NNAMDIYou were a white teacher in schools with all black students.
LEVINSONYes, exactly. And it was my students who taught me how to talk about race and also my colleagues 'cause when I was teaching in Atlanta, it was a mostly black school, mostly black colleagues. And there, the conversation was just open, out there, in front, right? It was not something that somebody was -- a conversation people were embarrassed to have. And that's where I learned to talk sort of openly and unapologetically about the role that race plays in American society.
LEVINSONAnd I think it would be much empowering if kids heard us talking about that, acknowledging it's an issue, and then helping them develop tools to be more empowered. So it's -- just to pick up on the power question -- helping teach kids how to code-switch and say it's not that you have to change who you are. It's not as if there's one right way of being and a wrong way of being.
LEVINSONBut let's teach you how to access power when you want it, including access power among the white middle class and, also, at the same, teaching whites that they need to adopt more of what DuBois calls a double consciousness, of realizing that the world -- that their view of the world and their experience of the world isn't the only normal one out there, and that they need to see the world through other people's perspectives and not just their own.
NNAMDIJay, thank you very much for your call. We're going to take a short break. When we come back, we'll continue our conversation with Meira Levinson. She is the author of "No Citizen Left Behind." She's a professor at Harvard's Graduate School of Education. We're still taking your calls, though, at 800-433-8850. Can you teach kids how to be engaged citizens? 800-433-8850, send us a tweet, @kojoshow, or email to email@example.com. I'm Kojo Nnamdi.
NNAMDIWelcome back to our conversation with Meira Levinson, author of "No Citizen Left Behind." She's a professor at Harvard's Graduate School of Education, and we're taking your calls at 800-433-8850. When you talk about code-switching, some people would take issue with the idea that somebody's speech manners or dress are different from those in power, and, therefore, they should have to essentially change their identities to access political power. Is that what you're saying?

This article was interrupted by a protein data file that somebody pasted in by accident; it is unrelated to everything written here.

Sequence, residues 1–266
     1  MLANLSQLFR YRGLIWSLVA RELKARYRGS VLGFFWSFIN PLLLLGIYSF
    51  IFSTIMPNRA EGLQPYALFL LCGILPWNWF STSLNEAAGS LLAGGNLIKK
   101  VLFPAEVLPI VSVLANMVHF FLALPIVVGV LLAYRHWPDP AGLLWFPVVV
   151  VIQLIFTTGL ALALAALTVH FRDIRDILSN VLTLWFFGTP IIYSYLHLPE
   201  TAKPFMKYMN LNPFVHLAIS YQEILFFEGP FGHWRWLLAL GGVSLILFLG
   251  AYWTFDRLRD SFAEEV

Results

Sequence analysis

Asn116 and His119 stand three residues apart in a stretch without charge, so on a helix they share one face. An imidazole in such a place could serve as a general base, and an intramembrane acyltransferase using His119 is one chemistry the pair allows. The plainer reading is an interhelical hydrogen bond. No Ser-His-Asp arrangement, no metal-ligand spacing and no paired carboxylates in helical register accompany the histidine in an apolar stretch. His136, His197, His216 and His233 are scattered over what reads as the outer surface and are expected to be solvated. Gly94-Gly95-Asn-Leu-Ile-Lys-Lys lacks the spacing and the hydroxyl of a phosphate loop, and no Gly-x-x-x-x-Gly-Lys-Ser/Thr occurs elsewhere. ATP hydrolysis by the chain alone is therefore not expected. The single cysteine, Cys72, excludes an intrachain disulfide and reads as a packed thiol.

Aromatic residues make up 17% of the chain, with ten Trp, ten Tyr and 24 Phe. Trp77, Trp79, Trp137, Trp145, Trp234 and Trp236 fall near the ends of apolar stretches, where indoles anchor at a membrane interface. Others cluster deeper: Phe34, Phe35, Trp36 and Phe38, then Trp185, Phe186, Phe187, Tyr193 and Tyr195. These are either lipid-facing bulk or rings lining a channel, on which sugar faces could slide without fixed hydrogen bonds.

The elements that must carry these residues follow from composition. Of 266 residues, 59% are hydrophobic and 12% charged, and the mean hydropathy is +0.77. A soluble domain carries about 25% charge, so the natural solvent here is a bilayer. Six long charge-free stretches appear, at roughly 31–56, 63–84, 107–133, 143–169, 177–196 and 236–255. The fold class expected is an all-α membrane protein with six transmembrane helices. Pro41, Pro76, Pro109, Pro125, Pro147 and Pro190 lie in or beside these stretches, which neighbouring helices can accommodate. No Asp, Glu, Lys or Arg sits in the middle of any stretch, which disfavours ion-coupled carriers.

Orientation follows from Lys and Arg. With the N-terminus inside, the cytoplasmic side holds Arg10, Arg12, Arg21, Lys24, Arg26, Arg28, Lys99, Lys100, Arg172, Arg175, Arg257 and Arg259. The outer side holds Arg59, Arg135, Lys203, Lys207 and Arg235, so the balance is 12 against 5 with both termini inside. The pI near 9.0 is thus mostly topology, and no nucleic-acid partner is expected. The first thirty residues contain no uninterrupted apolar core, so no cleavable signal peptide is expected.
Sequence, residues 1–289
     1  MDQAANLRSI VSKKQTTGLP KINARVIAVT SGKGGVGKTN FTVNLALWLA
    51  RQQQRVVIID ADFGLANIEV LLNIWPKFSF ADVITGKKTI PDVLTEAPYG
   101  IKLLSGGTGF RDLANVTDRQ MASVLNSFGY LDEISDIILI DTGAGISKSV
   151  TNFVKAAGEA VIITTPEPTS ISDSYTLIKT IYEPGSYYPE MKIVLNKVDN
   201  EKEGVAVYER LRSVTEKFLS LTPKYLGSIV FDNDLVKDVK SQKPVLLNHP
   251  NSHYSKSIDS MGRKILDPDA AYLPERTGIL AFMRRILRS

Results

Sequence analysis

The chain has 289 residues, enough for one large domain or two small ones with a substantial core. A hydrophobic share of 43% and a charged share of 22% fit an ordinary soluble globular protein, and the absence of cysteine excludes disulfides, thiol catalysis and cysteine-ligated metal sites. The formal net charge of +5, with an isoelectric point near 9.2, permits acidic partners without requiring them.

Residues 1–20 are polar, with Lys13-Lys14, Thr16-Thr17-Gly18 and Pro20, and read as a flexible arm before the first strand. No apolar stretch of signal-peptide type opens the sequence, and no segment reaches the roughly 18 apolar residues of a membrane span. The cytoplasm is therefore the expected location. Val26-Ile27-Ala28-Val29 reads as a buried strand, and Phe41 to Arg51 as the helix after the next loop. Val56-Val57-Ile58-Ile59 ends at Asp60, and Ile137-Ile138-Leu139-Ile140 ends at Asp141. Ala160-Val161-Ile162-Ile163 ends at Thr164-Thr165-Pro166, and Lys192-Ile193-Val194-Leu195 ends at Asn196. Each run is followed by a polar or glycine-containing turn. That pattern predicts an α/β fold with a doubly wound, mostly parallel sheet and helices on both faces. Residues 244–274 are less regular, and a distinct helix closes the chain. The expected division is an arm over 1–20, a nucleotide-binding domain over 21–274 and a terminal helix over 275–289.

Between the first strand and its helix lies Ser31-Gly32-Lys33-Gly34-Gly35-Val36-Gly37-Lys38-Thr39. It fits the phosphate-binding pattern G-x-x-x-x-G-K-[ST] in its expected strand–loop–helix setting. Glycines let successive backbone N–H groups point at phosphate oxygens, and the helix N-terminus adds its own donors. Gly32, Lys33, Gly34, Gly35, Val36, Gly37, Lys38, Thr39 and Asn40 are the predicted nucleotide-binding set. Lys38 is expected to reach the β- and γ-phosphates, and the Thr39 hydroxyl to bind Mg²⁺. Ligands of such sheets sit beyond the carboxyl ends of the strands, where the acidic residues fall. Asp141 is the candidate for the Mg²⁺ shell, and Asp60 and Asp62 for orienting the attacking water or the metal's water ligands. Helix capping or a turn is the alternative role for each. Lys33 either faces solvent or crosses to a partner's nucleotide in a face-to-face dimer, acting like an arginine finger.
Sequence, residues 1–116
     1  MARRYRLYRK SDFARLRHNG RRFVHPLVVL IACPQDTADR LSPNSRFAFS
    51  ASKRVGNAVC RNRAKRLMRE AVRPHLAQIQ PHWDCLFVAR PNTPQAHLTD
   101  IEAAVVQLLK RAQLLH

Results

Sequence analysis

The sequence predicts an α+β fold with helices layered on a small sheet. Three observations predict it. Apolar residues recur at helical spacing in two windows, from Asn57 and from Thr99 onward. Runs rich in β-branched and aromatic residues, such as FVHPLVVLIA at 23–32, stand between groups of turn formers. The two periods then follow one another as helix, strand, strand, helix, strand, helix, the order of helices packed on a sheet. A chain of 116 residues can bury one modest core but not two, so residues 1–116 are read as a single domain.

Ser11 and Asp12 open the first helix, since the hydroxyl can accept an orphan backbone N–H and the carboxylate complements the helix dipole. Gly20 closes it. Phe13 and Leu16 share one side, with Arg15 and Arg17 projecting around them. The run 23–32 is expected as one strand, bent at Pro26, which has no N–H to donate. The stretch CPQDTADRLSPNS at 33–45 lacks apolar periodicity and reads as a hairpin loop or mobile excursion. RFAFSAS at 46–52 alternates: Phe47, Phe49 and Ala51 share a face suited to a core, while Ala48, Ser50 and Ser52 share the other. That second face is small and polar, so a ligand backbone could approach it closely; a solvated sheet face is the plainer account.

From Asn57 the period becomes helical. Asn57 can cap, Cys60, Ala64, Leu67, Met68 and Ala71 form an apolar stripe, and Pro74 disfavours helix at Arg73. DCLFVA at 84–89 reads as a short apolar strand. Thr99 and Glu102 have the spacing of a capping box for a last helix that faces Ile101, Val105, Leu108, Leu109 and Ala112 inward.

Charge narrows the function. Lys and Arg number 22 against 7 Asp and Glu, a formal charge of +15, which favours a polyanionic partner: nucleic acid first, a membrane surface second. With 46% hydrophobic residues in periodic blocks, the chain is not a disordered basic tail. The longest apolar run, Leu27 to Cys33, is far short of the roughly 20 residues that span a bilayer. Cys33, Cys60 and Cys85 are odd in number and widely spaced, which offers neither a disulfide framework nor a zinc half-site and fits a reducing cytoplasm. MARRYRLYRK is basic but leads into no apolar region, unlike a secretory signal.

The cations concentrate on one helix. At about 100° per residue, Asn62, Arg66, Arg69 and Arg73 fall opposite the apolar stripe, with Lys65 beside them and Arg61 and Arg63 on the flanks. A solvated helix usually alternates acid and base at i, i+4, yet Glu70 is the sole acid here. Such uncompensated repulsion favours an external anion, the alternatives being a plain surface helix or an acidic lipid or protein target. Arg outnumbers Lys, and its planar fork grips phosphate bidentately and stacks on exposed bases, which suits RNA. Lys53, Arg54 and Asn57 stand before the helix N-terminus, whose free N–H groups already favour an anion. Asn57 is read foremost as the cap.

LEVINSONSo that's exactly why, I think, we need to teach it as code-switching, as a very self-conscious mechanism to access power in ways that are necessary when we choose to, but not to abandon the very core of our identities, that I think, right now, in too many classrooms, we teach kids that they need to learn how to speak right, act right, dress right. And that is telling them, you know, we disrespect your identity, and we think you need to change. And that's wrong.
LEVINSONIt was interesting, when I was teaching in Atlanta and my students were researching why they were now being required to wear uniforms, and they couldn't find any discussion of it in the school board minutes. We went and read two years' worth of school board minutes and interviewed some school board members and so forth -- nothing. And their interpretation of that was exactly that they were being told that they -- that being ghetto was bad, right, and that they were trying to be removed from the community, that the community was undesirable, that they needed to go somewhere else.
LEVINSONAnd that is being told you have to abandon your identity and those you love, whereas something like code-switching is to say, I'm going to be strategic. I know that I have to look different, dress different, talk different in certain places than in others. And I'm going to strategically use that knowledge to advance the things I care about.